So the Tea Party groups went on the attack. ForAmerica was the most aggressive, making videos calling out senators as “chicken” — including Minority Leader Mitch McConnell and South Carolina Senator Lindsey Graham, both of whom face Tea Party challengers in primaries next year. Texas Senator John Cornyn, who is up for reelection but doesn’t have a challenger, also got one. The activists knew they didn’t have to make an ad for every Republican senator; once a few got the treatment, the rest got the message. Nobody wanted to be next on the list.

“Republicans who had been committing themselves to putting an end to this wretched law since it passed really weren’t doing anything,” Bozell told me. “You had people telling their constituents, ‘I voted against it 39 times’ when those were just meaningless, procedural votes. They'd never made a serious challenge to Obamacare. We concluded this was when it had to happen.”

ForAmerica’s 3.5 million Facebook fans were instructed to call the offices of Republican leaders. They shut down the phone lines of Speaker John Boehner, McConnell, Cornyn, Majority Leader Eric Cantor, Majority Whip Kevin McCarthy, and others. When one office line stopped working, they’d redirect callers to a different one. The group says it generated 60,000 calls.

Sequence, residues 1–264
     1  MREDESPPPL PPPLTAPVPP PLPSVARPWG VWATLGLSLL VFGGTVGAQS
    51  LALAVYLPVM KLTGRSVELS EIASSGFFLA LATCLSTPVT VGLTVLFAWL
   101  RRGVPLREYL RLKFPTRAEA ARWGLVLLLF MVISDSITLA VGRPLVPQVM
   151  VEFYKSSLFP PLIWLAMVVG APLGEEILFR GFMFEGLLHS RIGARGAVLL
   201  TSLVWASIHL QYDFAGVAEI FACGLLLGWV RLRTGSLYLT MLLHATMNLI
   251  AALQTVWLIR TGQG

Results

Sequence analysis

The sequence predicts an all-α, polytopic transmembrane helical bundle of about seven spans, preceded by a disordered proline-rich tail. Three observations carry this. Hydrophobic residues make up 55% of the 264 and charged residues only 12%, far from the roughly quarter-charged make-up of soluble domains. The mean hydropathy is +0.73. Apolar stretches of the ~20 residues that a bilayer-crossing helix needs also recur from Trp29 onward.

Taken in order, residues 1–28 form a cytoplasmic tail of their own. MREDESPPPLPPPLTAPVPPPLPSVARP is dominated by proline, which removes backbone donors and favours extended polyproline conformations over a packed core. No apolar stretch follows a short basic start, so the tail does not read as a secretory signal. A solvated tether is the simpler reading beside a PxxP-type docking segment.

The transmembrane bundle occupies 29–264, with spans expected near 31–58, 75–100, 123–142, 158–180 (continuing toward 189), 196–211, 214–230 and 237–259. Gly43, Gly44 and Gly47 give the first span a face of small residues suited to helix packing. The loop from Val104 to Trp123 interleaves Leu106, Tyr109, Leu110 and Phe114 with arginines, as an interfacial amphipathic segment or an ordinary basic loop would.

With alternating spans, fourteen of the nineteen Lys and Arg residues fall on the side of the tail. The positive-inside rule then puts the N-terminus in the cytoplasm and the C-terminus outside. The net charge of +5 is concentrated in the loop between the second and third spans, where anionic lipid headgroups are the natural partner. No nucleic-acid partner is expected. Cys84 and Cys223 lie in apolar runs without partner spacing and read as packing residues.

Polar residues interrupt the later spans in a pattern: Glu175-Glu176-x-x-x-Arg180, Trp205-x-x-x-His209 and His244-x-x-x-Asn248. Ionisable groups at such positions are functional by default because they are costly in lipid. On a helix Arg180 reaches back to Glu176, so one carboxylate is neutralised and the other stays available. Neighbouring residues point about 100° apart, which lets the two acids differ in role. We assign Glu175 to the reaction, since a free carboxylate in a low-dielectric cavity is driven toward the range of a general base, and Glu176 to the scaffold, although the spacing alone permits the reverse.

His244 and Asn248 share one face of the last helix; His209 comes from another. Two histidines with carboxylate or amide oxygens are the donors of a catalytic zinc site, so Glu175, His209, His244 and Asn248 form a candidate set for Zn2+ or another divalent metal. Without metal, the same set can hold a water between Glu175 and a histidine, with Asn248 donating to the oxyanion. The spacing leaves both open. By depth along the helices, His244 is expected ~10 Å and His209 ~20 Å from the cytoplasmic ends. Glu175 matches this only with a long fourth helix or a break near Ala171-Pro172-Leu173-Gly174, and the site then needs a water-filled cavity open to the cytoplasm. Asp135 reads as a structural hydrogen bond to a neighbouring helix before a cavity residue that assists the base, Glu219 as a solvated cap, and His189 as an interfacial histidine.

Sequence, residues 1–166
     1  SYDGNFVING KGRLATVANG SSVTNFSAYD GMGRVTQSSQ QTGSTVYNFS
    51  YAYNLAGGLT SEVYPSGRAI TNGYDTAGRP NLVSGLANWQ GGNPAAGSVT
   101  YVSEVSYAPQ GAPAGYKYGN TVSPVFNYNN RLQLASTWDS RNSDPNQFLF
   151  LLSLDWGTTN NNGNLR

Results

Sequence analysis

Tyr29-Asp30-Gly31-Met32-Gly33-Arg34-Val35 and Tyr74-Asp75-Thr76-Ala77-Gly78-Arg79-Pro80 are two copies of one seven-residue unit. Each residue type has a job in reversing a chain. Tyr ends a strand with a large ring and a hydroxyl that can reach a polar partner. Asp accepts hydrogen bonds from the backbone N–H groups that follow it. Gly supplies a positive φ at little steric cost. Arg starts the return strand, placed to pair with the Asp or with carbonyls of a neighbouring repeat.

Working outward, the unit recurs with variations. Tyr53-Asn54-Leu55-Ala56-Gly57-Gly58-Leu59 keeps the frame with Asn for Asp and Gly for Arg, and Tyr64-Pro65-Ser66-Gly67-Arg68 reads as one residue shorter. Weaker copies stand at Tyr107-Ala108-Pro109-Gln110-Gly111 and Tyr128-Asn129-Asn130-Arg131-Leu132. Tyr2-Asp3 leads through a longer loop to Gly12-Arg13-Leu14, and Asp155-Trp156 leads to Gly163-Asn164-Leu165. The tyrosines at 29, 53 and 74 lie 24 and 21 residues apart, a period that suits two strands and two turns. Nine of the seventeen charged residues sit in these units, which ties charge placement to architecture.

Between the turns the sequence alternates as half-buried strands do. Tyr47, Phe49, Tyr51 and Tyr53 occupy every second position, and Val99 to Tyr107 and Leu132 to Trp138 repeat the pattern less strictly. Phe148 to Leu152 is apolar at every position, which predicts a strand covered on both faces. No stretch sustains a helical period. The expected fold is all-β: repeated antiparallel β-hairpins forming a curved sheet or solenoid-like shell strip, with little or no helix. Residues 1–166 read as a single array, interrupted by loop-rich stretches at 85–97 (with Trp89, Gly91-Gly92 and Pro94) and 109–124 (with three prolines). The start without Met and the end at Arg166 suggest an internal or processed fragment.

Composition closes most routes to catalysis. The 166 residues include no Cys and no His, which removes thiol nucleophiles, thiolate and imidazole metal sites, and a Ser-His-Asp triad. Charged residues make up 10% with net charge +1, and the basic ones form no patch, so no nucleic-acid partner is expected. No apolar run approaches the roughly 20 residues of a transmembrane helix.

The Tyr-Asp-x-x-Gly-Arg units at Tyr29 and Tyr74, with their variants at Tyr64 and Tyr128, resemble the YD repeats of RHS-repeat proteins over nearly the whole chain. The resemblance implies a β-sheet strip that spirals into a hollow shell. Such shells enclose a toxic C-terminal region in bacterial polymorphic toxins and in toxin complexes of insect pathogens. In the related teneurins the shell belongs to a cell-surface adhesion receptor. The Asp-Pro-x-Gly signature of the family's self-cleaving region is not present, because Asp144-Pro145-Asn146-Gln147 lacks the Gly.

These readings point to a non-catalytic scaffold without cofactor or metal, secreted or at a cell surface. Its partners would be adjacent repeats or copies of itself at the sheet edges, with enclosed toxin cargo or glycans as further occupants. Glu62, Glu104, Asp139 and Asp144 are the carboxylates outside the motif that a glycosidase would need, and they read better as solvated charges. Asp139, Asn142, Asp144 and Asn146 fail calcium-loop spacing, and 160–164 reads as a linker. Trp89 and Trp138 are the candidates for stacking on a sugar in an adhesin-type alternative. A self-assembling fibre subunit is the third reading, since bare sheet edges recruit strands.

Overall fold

Other groups played complementary roles. Heritage Action drew hundreds to town halls in nine cities. ForAmerica and the Tea Party Patriots teamed up for a tour of a dozen states, the locations strategically chosen for maximum impact — like a rally in Lexington, Kentucky, to target McConnell — and culminating on the lawn of the Capitol. Meanwhile, Tea Party Patriots members held hundreds of rallies and protests in their home districts. Many were mock town halls featuring an empty chair to represent a member of congress who wasn’t meeting with constituents.

Rallies, protests, town halls, email petitions, call-in campaigns: None of these tactics are rocket science. But deployed strategically, with the coordination enabled by technology, they work. And they're cheap: ForAmerica and the Tea Party Patriots each estimated their campaigns cost about $200,000.

To be sure, the groups' achievement falls far short of victory. While the campaigns have succeeded at bending the Washington debate, they haven't achieved a policy goal — to the contrary, the exchanges opened on schedule this week — nor have they won converts across the aisle. The Tea Party's clout shows both the possibilities and the limitations of grassroots pressure on Congress — a tactic that advocates of a different persuasion have tried and failed to mobilize behind goals like gun control and immigration reform.